Report on Dam Removal Charts Course for Future Removal Efforts


Report on Dam Removal Charts Course for Future Removal Efforts

Report on Dam Removal Charts Course for Future Removal Efforts

Laura Hewitt

Trout Unlimited
(608) 250-3534

4/16/2003 — — River Alliance of Wisconsin and Trout Unlimited announce the release of the report Restoring the Flow: Improving Selective Small Dam Removal Understanding and Practice in the Great Lakes States which summarizes dam removal policy and management recommendations from more than 40 river restoration experts from around the Great Lakes. It is the product of a unique gathering of resource professionals, conservationists, and academics with over 100 years of combined dam removal experience and involvement with more than 100 dam removals across the Great Lakes region. These experts convened in 2001 for a Small Dam Removal Workshop and Working Meeting in Kohler, Wisconsin to share regional information, showcase several demonstration projects, and develop the recommendations detailed in this report.

The Great Lakes region has been leading the nation in the removal of obsolete dams. This report captures some good thinking from the regions best and brightest on dam removal, said Laura Hewitt, Director of Watershed Programs for Trout Unlimited National. The recommendations in this report are intended to guide policies and initiatives and to improve the understanding and use of small dam removal as a fisheries and river restoration tool in the Great Lakes region.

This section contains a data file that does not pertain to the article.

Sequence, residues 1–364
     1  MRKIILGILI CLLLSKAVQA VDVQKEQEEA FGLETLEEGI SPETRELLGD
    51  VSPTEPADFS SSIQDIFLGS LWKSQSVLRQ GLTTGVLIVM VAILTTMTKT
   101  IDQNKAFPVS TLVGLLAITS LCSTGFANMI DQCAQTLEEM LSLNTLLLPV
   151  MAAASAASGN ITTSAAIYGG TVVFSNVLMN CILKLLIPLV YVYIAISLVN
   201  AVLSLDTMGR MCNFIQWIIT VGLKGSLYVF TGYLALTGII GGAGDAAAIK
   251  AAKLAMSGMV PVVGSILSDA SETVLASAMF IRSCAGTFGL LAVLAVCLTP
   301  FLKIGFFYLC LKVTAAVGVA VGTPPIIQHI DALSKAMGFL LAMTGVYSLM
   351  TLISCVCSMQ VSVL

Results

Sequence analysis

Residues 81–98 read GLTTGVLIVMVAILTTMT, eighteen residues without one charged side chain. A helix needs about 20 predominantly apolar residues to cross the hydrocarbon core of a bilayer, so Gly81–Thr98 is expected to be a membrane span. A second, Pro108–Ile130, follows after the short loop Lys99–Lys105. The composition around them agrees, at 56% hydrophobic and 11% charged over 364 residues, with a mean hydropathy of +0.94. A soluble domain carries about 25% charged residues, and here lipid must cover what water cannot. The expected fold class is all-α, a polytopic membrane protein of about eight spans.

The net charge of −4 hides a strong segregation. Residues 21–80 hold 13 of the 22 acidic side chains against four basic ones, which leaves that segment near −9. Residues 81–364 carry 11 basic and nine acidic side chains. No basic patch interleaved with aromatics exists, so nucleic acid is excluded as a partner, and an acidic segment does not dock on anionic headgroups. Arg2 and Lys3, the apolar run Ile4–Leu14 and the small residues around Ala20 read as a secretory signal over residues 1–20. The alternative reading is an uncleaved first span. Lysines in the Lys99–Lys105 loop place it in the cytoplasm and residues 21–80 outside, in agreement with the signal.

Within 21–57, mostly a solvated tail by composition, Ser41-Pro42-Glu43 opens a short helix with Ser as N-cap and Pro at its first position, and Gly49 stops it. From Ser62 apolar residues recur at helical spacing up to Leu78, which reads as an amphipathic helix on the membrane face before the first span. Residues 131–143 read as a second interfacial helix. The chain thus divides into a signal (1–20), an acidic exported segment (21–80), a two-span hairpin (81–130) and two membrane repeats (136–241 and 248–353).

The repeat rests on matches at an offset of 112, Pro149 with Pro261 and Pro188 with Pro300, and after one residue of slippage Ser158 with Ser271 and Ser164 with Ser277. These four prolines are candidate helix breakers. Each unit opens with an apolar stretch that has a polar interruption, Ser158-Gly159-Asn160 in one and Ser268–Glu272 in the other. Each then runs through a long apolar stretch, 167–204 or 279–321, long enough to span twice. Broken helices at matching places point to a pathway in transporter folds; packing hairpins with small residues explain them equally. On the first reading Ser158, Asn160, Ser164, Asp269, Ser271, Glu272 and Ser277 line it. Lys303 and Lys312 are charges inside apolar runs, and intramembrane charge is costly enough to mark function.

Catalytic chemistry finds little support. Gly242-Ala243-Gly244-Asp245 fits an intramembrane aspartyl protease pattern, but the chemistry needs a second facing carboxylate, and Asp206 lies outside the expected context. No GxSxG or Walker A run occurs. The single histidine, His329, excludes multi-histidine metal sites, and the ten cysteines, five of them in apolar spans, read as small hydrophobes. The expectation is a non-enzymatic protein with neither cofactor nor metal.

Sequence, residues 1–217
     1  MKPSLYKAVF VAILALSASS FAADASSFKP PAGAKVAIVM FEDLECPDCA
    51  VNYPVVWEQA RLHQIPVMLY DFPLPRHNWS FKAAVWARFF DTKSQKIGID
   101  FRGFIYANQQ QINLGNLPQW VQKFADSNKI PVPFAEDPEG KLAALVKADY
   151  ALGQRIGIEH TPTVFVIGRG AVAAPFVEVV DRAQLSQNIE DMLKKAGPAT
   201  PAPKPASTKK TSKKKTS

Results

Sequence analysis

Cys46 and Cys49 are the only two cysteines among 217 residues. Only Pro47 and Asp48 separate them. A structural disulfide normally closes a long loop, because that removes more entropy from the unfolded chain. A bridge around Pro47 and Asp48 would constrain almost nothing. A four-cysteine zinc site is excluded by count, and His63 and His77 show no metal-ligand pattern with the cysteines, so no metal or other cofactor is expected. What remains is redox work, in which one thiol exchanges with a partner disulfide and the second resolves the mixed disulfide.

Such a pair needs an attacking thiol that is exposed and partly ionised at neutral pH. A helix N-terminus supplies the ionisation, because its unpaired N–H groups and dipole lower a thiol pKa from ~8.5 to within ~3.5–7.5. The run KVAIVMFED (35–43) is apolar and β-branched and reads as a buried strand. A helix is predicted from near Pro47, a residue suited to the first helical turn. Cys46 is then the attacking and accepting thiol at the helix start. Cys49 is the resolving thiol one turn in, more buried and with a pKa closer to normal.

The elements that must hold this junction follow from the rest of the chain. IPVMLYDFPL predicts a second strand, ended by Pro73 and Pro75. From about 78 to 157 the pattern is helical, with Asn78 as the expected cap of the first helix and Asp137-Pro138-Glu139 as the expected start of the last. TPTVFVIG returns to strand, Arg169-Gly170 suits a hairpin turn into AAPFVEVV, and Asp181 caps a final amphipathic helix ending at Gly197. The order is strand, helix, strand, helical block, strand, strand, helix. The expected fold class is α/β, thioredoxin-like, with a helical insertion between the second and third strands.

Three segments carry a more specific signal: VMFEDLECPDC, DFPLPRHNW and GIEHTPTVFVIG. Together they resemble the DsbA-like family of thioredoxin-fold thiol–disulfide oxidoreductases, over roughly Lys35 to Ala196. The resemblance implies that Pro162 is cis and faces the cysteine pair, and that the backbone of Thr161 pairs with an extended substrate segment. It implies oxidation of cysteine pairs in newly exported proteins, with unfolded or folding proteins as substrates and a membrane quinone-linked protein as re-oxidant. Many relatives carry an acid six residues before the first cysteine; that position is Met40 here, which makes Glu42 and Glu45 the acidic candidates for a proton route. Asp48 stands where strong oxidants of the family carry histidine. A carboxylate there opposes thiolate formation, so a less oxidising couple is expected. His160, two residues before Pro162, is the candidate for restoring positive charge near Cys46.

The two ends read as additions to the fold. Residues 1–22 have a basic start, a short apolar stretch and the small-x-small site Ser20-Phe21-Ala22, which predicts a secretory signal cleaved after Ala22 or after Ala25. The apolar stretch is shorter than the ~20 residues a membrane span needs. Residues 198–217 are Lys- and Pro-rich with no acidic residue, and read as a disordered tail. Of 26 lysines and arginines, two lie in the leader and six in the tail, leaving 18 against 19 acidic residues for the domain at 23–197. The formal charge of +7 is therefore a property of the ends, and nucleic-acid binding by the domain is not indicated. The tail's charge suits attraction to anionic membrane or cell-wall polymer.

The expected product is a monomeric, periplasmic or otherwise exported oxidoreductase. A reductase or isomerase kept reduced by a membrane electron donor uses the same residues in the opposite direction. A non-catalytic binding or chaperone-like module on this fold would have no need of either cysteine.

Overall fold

Nationwide, more than 500 dams have been removed in the last century, over half of these in the Great Lakes region alone. Selective small dam removal is recognized as one of the most effective and economical river restoration tools today. But dam removal can also be a contentious issue within local communities, invoking concerns about economic impacts, public safety, and the loss of impoundments created by dams. While there is a wealth of dam removal experience in the region, there is a need to more effectively collect and share information, communicate, and inform affected communities about the potential benefits and impacts of small dam removal. This report is a first concrete step to begin meeting these needs.

As we celebrate Wisconsins Year of Water, its a good time to take a hard look at whether our rivers can continue to withstand the cumulative damage of over 3800 dams disrupting flows and altering habitat for fish and wildlife, especially if many of these dams no longer serve the purpose for which they were originally built, explains Helen Sarakinos, Small Dams Program Manager for the River Alliance of Wisconsin. Wisconsin continues to lead the nation in removal of old, unsafe and uneconomical dams from public waters, and recently made history with the Baraboo River dam removals. Four dams were removed restoring the entire river – over 115 miles – to free-flowing, making this the largest river restoration through dam removal in US history. More than 100 dams have been removed from Wisconsin waters in the last 50 years.

For more information: Laura Hewitt, Trout Unlimited (608) 250-3534; Helen Sarakinos, River Alliance of Wisconsin (608) 257-2424

Date: 4/16/2003